Friday, September 28, 2012

Matt Tully - Wrong on TIFs - Not Just Merely Wrong; Most Sincerely Wrong

There is no doubt the IndyStar columnist, Matt Tully, is a talented writer.  As a person, Tully's opinion is of no more importance than the next guy's.  As a paid opiner for the Star, with its wide reach, his opinions are amplified in the community.  With that reach, and with being a journalist, one would hope Tully would be fastidious in checking what he promotes as facts.  Unfortunately, in his column on the proposed Mid-North TIF, Tully fails the accuracy test.

Tully repeats that tired old fairy tale that TIFs only capture new development.
First, the TIF captures only new property tax revenue -- meaning money from new investment over and above what is already collected.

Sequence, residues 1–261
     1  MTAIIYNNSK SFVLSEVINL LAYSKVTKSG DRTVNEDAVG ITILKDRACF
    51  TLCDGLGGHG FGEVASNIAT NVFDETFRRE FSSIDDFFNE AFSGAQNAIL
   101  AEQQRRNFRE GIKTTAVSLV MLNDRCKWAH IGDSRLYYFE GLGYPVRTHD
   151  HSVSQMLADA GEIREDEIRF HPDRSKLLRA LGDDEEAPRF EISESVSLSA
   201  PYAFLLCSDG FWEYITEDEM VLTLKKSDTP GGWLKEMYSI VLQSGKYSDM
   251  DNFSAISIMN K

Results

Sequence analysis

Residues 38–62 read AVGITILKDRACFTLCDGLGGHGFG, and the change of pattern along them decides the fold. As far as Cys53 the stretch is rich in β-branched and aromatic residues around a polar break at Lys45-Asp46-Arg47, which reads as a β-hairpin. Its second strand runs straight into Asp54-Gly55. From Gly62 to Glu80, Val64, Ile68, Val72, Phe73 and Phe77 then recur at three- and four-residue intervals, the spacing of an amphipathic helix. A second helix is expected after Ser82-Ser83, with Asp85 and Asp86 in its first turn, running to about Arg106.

We see this year, where $490 million of base - which is the 'old stuff' - in Marion County's TIF districts, was converted into increment - which is, according to the fairy tale, supposed to be only the 'new stuff'.  That's a full third of the existing base.  How much time would it take to accumulate an additional $490 million of property value for our tax roles through development?  And yet, in one year that huge amount of property value is yanked from producing tax revenues for the schools, libraries, IndyGo, Health & Hospitals, fire departments, IMPD, parks, as well as the city-county government.

Where Tully gets alarming is where he promotes brand new fairy tales about TIFs.  He actually most succinctly framed the idea in a short twitter debate he had with Amos Brown a week ago.  Below is a screen shot of the back and forth so you can get the context in which Tully said